The same “deal” with Virgin – as an existing customer (albeit unnecessarily faster bandwidth) – is £105 a month. Not quite horses for course, but a close thing – for £554 a year more than Sky charge. Nice markup for flipping!

That £105 a month – well, it’s only £84 if you are a new customer with Virgin.

“Do come in, Sir, Ma’am, you’ll love here it with us. Just sign here, and here, and here. In blood? Yes, standard practice for the industry, not to worry. We hope you’ll stay a long time. A VERY long time. MWahahaha ha ha. err. ahem. So sorry, my manager warned me about that laugh, that should have been after the 14 day cooling off. Have a good day, y’here.”

 

Virgin Oomph package, massively overkill for us, but tempting if you are a heavy mobile user

 

And indeed it is industry practice. Every industry. Gas, electric, Broadband, Smartphone contracts. First the introductory offer, then a year later they up the price 25%, 33%, (glances up to the Virgin Oomph bundle), 40% or more – and hope you won’t notice. It’s a direct debit anyway, who notices, and why bother changing, too much hassle. Might as well stay where we are.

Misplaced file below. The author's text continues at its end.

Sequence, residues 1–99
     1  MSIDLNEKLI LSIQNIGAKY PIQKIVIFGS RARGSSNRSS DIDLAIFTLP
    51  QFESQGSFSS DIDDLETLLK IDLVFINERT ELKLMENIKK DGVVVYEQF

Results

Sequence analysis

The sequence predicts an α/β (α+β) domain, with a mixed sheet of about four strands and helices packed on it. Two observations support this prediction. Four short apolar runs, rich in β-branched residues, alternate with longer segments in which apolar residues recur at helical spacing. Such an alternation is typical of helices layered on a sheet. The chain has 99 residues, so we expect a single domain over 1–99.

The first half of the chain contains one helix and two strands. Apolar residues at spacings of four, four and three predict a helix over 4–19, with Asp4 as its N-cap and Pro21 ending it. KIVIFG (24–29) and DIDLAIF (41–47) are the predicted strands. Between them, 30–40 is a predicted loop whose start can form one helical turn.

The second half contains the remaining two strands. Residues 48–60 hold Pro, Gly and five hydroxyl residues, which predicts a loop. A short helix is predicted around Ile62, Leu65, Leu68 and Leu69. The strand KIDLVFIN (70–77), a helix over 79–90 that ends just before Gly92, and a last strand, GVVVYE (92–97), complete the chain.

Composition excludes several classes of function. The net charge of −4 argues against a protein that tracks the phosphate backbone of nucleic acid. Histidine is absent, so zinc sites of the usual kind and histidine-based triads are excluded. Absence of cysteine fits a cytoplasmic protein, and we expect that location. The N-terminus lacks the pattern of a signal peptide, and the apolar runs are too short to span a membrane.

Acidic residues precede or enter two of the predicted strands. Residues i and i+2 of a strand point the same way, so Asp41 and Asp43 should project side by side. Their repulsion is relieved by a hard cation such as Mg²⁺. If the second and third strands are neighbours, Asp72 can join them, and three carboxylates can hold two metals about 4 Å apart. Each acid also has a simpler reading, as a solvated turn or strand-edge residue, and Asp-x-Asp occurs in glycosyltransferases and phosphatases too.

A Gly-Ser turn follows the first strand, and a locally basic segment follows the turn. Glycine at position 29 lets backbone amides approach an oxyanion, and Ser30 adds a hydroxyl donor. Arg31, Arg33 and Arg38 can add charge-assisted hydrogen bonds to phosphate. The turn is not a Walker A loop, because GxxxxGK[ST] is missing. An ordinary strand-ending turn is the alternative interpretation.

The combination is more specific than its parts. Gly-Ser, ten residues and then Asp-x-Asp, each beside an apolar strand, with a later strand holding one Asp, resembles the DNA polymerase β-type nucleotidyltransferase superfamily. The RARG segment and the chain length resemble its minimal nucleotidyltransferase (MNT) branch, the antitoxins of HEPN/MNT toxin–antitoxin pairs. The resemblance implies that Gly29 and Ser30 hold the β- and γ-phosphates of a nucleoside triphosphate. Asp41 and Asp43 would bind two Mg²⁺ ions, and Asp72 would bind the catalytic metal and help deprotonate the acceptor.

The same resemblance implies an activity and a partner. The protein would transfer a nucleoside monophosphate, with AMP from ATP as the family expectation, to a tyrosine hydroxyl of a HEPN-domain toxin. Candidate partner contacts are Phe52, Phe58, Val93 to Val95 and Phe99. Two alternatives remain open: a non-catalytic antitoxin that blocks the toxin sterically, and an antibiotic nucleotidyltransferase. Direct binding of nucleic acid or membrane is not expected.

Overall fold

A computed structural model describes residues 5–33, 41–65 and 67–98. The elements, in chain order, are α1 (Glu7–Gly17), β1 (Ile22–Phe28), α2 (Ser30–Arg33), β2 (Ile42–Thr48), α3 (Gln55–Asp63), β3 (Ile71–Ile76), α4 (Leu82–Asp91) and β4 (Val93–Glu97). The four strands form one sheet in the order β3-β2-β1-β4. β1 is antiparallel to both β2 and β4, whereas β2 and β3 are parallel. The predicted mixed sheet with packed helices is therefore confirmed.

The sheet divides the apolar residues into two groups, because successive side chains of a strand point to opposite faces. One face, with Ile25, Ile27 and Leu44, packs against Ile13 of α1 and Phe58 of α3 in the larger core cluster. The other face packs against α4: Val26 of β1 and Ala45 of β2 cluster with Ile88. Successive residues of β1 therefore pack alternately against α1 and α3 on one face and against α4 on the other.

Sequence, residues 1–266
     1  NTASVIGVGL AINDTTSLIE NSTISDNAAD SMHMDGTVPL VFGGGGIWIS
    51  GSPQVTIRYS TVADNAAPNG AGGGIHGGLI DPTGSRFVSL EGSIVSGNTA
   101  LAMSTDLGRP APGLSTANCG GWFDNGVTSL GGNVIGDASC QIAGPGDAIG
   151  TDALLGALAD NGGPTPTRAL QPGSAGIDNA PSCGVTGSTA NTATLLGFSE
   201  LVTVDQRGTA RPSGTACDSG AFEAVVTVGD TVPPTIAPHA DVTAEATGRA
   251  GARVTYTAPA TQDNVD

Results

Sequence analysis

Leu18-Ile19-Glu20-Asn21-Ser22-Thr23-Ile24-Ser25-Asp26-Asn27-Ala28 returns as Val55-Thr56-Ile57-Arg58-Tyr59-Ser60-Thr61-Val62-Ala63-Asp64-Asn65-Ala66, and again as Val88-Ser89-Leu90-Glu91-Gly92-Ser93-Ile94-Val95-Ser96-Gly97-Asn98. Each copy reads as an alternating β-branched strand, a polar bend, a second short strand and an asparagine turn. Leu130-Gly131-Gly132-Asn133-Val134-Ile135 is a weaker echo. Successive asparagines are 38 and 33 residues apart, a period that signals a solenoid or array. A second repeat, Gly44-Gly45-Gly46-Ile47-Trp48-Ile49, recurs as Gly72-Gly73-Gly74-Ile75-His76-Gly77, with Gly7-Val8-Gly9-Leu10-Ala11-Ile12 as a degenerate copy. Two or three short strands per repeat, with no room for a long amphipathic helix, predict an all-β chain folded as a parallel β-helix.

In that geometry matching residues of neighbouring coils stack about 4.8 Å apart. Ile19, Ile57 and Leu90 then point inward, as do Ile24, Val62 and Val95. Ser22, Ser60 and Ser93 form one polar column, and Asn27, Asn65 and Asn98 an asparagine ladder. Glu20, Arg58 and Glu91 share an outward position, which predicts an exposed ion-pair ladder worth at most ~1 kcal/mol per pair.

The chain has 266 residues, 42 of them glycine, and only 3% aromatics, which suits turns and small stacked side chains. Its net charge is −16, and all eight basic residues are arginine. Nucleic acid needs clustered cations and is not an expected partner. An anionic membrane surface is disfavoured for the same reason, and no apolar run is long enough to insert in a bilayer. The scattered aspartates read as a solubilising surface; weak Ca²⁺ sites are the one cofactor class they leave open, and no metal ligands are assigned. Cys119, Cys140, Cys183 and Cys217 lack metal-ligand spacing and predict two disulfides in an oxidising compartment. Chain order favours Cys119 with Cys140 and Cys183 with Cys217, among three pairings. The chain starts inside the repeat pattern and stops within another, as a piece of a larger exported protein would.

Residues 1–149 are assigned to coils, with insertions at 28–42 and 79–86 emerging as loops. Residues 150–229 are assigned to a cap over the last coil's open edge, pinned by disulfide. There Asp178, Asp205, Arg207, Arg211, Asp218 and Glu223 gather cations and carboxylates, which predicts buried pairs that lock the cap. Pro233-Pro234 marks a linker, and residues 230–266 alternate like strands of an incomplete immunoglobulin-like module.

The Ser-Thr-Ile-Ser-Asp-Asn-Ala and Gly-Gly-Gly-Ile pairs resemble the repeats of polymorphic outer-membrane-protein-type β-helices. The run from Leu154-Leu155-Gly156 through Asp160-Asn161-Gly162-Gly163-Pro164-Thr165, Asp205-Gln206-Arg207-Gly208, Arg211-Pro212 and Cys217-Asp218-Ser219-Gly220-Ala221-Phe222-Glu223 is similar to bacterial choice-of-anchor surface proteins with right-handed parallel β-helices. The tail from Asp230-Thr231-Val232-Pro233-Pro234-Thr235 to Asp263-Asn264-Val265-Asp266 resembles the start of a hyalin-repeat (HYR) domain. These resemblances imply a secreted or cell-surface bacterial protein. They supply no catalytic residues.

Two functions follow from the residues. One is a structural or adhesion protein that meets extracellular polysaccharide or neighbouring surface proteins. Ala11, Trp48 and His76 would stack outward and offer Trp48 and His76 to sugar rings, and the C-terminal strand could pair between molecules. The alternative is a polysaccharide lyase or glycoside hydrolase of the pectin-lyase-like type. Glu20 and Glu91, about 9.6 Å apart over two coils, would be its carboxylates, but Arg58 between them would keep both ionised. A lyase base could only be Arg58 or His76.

The that % discount is a lure is to hook you in. For are NOT “supposed” to leave after, no, you are supposed to pay it, to subsidise the next years crop of intakes.

Err, NO. That’s what “they” want. It really is. It’s not a law, it’s not a legally binding contact at the end. Once it has run it’s fixed length course you are free to look elsewhere. “They” would just very much rather you didn’t.

Anyway, I cancelled. And walked away. Plus.net are coming in 10 working days.

Or are they…?

What actually happened – when cancellations realised I was deadly serious about leaving – and taking my money with me – they found a clause that allows a “loyalty discount”.